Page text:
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This Article seeks to understand and evaluate core elements of the past promise and present reality of Spain’s transformation from Francoist dictatorship to modern European democracy. It does this by investigating the role of the 1978 Constitution and the distinctive Spanish Model of relatively peaceful constitutional transformation in facilitating the key legal elements of Spain’s transition to democracy. Following a review of important historical developments related to Spanish constitutionalism in Part I, this Article scrutinizes the process by which Spain transitioned to democracy in the 1970s. Part II focuses particularly on the dominant characteristics of the Spanish Model, which facilitated peaceful democratic transformation. Part III critically evaluates the use of the Spanish Model as a tool to decisively reject the core political elements of the Franco regime—autocratic rule, authoritarian governance, and fascism—and empower rights-based constitutional democracy. Finally, Part IV assesses the significance of the Spanish Model to the 1978 Constitution and the twenty-first century Kingdom of Spain and anticipates the Model’s potential for future global influence.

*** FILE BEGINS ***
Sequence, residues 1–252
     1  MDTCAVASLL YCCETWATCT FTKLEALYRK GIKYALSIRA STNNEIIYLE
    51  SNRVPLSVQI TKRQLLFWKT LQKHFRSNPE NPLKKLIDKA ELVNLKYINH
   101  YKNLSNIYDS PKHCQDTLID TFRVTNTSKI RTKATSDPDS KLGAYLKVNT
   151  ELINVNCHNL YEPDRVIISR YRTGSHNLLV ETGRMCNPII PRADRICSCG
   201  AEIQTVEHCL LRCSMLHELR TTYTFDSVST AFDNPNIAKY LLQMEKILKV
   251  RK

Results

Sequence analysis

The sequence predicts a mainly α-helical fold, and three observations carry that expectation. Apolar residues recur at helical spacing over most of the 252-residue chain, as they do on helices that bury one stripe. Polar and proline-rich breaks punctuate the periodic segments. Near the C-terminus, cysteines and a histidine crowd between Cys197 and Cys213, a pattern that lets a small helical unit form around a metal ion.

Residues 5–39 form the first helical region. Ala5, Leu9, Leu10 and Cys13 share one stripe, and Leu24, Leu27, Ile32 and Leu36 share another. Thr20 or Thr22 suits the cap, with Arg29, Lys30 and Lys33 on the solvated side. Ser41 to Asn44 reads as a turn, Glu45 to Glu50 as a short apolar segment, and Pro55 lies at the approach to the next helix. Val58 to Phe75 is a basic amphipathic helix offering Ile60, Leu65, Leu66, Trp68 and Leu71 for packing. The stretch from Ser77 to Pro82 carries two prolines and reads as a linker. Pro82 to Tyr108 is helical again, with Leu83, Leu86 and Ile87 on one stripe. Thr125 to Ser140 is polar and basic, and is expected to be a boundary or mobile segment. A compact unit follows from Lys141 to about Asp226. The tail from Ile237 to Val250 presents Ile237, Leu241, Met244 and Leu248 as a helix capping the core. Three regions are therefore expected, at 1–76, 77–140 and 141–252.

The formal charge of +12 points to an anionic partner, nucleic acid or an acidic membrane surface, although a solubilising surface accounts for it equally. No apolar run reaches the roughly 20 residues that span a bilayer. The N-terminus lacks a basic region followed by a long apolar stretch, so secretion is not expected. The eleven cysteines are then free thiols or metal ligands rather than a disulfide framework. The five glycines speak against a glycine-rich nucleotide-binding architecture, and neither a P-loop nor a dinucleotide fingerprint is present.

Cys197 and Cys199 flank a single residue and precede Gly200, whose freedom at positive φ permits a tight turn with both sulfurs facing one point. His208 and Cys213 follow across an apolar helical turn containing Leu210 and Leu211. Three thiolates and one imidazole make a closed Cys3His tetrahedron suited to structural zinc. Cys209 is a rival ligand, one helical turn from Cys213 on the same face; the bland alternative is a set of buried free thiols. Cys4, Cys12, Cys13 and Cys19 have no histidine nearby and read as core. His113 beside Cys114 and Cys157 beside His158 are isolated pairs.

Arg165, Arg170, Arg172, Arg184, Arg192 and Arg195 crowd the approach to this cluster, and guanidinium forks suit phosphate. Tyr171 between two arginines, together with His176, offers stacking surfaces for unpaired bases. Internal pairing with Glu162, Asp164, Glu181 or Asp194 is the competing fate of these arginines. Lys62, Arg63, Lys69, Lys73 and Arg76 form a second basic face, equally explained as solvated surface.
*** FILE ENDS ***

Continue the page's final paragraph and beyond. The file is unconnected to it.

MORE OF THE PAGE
This Article argues that, despite recent, significant, and evolving challenges, constitutional democracy is strong in Spain and has been significantly aided by its constitutional text and the Spanish Model that inaugurated it. The Article concludes that, four decades later, there is much to study and learn from the way Spain successfully leveraged its constitutional process to overcome its authoritarian past and solidify its place as a stable modern democracy.